The one I think fits him best is Narcissistic Personality Disorder. Henry had a massively overgrown ego and he was almost totally self-absorbed. He truly thought that everything revolved around him. He could be ruthless with anyone who harmed his imagine of himself or who stood in his way. There is a more extreme kind of narcissism known as "Malignant Narcissism"---that is how many psychiatrists would diagnose a Hitler, a Stalin, or a Saddam Hussein. People whose narcissism and egotism are so enormous that they lose all sense of restraint and all morality.

I don't think Henry went quite that far--altho he came pretty close sometimes. (He had that bad habit of beheading wives and friends who crossed him, after all.) But I would say severe Narcissistic Personality Disorder fits Henry pretty well.

Having said all that...I must add the usual disclaimer and add that while I do have a degree in psychology, I am not a doctor. And even a licensed psychiatrist or psychologist would hesitate to "diagnose" someone so far removed in time and place.

Still....I think our Henry was a Narcissist....with a capital "N"!  :P
Sola Nobilitas Virtus

helenazar

  • Guest
I don't think Henry was bipolar. He didn't have the dramatic manias (highs) of someone with BP (short for bipolar disorder). He could be very merry and high-spirited with his friends, but fortunately that does not count as mania! Because believe me, mania can be extremely destructive--not to others, but to the person suffering from it. (Manics can, for example, go on ruinous spending binges that can leave them virtually penniless, in extreme cases.) Yes, Henry spent tons of money, but he was a king! And yes, he could fall into black depressions, but these usually had a clear trigger--such as marital/fertility problems, pain from his ulcerous leg, etc. Bipolar depressions often seem to "come out of nowhere".)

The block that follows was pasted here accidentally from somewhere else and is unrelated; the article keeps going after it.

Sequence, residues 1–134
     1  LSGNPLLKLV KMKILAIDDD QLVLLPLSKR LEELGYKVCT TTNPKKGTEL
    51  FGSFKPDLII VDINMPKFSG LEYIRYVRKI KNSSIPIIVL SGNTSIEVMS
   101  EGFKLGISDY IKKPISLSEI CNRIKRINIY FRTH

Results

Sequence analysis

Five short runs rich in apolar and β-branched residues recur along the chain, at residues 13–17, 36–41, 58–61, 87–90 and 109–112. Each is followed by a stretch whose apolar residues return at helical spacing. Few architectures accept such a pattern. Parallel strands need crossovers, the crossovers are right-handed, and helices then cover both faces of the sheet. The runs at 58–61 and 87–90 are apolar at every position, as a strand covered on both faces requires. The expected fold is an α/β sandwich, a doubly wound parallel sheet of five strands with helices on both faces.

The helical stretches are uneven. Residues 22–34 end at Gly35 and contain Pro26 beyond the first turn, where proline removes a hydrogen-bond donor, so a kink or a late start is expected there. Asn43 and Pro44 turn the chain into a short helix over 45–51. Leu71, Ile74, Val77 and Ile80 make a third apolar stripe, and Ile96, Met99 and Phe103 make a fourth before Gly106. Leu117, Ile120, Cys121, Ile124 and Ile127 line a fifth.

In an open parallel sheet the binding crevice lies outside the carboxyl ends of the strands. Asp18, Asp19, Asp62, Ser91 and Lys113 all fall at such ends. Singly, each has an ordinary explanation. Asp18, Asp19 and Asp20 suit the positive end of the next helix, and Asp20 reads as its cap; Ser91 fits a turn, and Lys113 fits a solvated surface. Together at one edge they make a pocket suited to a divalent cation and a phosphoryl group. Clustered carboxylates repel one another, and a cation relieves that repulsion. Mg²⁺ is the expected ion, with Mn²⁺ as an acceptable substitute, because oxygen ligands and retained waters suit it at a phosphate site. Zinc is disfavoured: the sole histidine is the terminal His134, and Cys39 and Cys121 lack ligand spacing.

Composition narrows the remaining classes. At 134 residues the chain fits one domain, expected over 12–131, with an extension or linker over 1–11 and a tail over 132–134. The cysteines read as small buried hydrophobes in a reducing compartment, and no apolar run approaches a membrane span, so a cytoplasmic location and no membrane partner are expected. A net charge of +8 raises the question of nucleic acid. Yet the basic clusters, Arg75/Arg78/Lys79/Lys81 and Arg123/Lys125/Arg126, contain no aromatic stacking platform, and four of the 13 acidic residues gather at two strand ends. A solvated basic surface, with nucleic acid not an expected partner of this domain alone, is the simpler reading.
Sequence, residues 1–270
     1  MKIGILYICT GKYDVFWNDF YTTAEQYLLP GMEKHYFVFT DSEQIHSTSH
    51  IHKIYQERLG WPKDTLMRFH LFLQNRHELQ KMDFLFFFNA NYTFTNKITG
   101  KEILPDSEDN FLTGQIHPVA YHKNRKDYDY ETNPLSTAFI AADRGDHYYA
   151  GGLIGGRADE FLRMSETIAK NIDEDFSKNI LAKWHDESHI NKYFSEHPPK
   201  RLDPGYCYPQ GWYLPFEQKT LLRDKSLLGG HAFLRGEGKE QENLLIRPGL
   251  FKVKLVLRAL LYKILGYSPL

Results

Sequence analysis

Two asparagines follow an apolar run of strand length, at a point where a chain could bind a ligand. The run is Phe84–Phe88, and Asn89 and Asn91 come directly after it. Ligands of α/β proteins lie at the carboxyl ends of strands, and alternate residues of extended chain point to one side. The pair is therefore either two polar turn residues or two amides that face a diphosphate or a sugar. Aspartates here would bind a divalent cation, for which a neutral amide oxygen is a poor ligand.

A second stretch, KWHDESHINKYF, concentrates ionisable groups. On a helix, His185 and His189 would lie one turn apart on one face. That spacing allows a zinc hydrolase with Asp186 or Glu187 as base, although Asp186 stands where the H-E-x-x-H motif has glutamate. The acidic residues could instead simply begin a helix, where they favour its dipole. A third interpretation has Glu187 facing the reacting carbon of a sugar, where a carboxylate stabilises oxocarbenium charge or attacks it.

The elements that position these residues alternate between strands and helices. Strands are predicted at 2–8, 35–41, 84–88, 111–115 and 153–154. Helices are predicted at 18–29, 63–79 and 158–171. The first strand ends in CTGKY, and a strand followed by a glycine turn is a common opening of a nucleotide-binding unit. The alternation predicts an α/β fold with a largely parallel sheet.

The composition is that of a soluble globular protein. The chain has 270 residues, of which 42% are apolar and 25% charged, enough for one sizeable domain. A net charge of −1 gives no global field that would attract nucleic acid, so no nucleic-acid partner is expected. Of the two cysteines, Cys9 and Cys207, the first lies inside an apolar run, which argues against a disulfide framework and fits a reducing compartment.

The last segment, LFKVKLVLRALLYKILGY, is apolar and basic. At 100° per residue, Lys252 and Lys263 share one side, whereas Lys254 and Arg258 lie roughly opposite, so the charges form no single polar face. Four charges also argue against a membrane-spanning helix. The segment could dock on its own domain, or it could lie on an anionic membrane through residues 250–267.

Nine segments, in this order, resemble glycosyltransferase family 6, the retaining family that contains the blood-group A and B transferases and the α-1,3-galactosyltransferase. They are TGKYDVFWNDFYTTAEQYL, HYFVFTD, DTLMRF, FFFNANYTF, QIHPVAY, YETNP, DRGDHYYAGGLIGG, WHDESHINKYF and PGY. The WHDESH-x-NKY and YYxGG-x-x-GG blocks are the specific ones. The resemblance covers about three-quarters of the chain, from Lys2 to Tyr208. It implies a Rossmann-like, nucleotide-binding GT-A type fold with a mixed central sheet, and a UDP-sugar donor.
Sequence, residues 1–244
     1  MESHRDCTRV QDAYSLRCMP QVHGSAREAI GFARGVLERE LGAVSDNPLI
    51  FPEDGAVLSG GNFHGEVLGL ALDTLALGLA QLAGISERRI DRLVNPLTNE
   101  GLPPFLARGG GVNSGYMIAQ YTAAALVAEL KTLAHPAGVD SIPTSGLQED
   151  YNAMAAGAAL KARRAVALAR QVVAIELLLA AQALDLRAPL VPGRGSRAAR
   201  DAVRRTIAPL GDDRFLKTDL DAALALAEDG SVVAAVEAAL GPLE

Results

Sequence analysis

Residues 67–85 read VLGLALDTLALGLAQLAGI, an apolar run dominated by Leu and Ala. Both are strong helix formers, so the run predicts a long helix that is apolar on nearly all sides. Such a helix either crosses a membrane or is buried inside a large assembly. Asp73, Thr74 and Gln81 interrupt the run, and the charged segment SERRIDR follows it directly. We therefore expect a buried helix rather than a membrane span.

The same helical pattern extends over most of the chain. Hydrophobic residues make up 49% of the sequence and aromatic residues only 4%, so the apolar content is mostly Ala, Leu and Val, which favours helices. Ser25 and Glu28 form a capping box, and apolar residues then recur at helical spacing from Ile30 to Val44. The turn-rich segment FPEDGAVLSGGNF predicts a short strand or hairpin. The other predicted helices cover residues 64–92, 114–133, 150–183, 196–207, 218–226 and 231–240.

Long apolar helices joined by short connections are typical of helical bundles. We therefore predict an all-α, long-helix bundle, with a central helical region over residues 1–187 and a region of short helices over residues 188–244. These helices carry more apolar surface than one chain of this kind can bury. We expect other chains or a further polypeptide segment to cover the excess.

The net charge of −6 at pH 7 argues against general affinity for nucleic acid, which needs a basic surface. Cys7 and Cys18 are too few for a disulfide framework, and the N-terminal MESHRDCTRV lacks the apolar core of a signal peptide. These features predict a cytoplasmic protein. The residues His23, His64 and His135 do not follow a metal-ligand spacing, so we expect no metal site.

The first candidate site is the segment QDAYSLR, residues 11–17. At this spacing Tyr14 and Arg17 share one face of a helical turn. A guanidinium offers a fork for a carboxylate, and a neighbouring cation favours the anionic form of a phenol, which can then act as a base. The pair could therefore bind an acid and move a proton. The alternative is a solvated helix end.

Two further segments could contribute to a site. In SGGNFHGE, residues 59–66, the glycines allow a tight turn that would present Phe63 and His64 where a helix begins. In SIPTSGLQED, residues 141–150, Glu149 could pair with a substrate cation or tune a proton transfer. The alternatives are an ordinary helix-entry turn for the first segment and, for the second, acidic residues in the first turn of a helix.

Personality disorder? Yes, I think Henry probably would qualify here. He certainly (esp. later in life) displayed paranoid traits. So there are possible signs of a paranoid personality disorder--or at least some paranoid personality traits. Histrionic personality disorder? Umm...maybe. He was given to a lot of "peacock" displays and had plenty of vanity. I would say more "histrionic traits" than full-blown disorder I think. Borderline? He did engage in a lot of black-and-white thinking, and Lord knows he had massive rages, but I'm not sure I would classify him as having Borderline personality disorder. For example, I don't see the terrible fear of abandonment or the self-harming behaviors common to borderlines.

The one I think fits him best is Narcissistic Personality Disorder. Henry had a massively overgrown ego and he was almost totally self-absorbed. He truly thought that everything revolved around him. He could be ruthless with anyone who harmed his imagine of himself or who stood in his way. There is a more extreme kind of narcissism known as "Malignant Narcissism"---that is how many psychiatrists would diagnose a Hitler, a Stalin, or a Saddam Hussein. People whose narcissism and egotism are so enormous that they lose all sense of restraint and all morality.